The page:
Human Aspect of Disaster Recovery Part 2

If you missed it, Check out Part 1 on setting up your DR Plan

Setting up your team

First you need someone to be in charge of assessing the damage caused. This person not only will be in charge of saying which parts are broken, but will also need to determine how bad the damage is and how long it will take to fix. If you sell over the internet and your network is down, then this is a mission critical resource for your company and needs to be addressed quickly, while having your fax lines down might only be a problem for invoicing and having it down for a few days might not be considered a problem. With all major problems a level of downtime should also be given

  • Level 1 – Minor 4-8 hours
  • Level 2 – Moderate 8-24 hours
  • Level 3 – Major 24-72 hours
  • Level 4 – Business relocation

This person will be in charge of determining how major each part of the business is for it to continue operating and will also determine how bad the disaster is.

The next person on your team will need to be in charge of actually fixing the problem, they will be in charge of the operation until the problems are fixed. It is important that this person is known as the person in charge during downtime as they might not necessarily be the person in charge during normal operations, which could lead to a conflict in leadership. Having these predefined roles will decrease the time spent on who is doing what. This person will also be leading the recovery, which depending on the disaster could be deploying IT resources or calling vendors for parts.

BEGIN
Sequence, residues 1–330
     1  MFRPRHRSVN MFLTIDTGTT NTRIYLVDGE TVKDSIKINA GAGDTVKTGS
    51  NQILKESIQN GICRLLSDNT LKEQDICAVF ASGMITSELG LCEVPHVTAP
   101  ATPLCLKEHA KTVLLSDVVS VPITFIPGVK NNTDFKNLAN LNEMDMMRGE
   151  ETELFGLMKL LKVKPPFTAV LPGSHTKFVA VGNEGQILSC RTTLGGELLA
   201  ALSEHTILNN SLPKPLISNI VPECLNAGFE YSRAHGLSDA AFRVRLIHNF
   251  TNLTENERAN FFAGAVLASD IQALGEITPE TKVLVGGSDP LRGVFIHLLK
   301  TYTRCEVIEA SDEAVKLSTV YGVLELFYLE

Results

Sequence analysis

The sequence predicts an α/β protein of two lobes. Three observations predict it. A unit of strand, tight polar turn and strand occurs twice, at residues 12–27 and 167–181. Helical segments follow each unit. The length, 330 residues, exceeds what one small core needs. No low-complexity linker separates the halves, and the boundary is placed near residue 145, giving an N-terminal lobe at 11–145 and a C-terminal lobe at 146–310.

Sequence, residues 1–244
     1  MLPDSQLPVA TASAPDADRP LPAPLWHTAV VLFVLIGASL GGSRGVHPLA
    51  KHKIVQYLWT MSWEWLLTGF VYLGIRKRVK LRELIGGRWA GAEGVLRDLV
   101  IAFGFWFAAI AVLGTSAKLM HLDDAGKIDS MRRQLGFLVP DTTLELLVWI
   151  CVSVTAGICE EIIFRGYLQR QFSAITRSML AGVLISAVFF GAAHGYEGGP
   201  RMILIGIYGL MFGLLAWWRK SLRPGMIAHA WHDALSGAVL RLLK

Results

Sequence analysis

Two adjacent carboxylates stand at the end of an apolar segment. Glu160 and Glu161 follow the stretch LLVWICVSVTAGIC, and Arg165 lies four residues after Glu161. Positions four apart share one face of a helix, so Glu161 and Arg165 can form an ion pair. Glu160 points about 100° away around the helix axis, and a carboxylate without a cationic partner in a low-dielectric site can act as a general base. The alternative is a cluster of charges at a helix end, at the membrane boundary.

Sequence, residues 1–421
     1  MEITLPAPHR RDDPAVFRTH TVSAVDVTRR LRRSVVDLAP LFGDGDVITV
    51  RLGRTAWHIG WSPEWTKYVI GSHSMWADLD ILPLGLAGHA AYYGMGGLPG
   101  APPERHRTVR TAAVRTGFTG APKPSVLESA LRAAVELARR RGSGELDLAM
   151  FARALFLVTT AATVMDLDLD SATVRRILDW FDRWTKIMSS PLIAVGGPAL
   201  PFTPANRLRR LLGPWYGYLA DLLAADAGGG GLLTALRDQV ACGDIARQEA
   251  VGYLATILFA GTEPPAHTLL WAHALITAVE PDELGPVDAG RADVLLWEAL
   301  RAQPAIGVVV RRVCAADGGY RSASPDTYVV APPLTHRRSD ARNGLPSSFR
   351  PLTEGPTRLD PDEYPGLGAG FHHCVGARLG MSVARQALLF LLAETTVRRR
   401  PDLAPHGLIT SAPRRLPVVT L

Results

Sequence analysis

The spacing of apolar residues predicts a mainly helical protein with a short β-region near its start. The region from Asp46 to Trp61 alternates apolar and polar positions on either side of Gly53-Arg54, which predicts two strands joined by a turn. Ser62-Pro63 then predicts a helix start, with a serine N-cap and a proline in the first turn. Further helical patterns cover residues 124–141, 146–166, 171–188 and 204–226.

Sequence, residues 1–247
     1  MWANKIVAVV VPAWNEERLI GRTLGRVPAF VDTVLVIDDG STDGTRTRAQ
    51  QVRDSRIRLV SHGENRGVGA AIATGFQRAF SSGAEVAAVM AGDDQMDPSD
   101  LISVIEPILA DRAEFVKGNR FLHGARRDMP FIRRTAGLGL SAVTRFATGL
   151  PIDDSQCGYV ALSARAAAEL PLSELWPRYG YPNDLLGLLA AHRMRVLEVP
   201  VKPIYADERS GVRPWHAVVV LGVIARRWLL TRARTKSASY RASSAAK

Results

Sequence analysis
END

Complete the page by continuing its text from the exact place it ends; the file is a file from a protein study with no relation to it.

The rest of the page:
Finally we need someone in charge of checking that everything is being done, and that the DR plan actually works. While testing the technical part of the plan will be tasked to a member of IT; checking that if a server shuts down it will start up on another machine; that tape backups are being made and are recoverable. While the technical parts are important and vary from company to company, focusing on the human side makes this member of the DR team tasked with making sure everything else is being done. If you only have one person updating the contact list and they forget or become lazy, then they would become our single point of failure, but by having one person who checks to verify that everyone is doing their job then we have the security of knowing our plan is in place and is being constantly updated as needed.

The last thing to keep in mind about avoiding human error is automating and segmenting. The more automated something is the less likely someone is going to mess it up. Virtualization has automated many tasks like from restarting servers to creating backups. The other is segmenting, giving permissions to some people and baring others. The people from who are answering phones don’t need access to sale records and the people from accounting don’t need access to marketing files. This limited access seems obvious to anyone who works in a corporate setting, but is important for any small to medium business that has multiple departments to keep in mind. The less access people have to the important parts of IT the better it will be for IT to manage themselves.

These steps are just the beginning to setting up and implementing a DR plan for your company and shouldn’t be considered an exhaustive list. It doesn’t matter if you spend the money to have a redundant internet line installed if a person hits the poll with their car and knocks them both out. But preparing for and implementing a plan is a start and preparing for most disasters is better than preparing for none.

16 Questions

About The Author

President of NSI, Tom has been helping small and medium businesses succeed in Connecticut for over 25 years.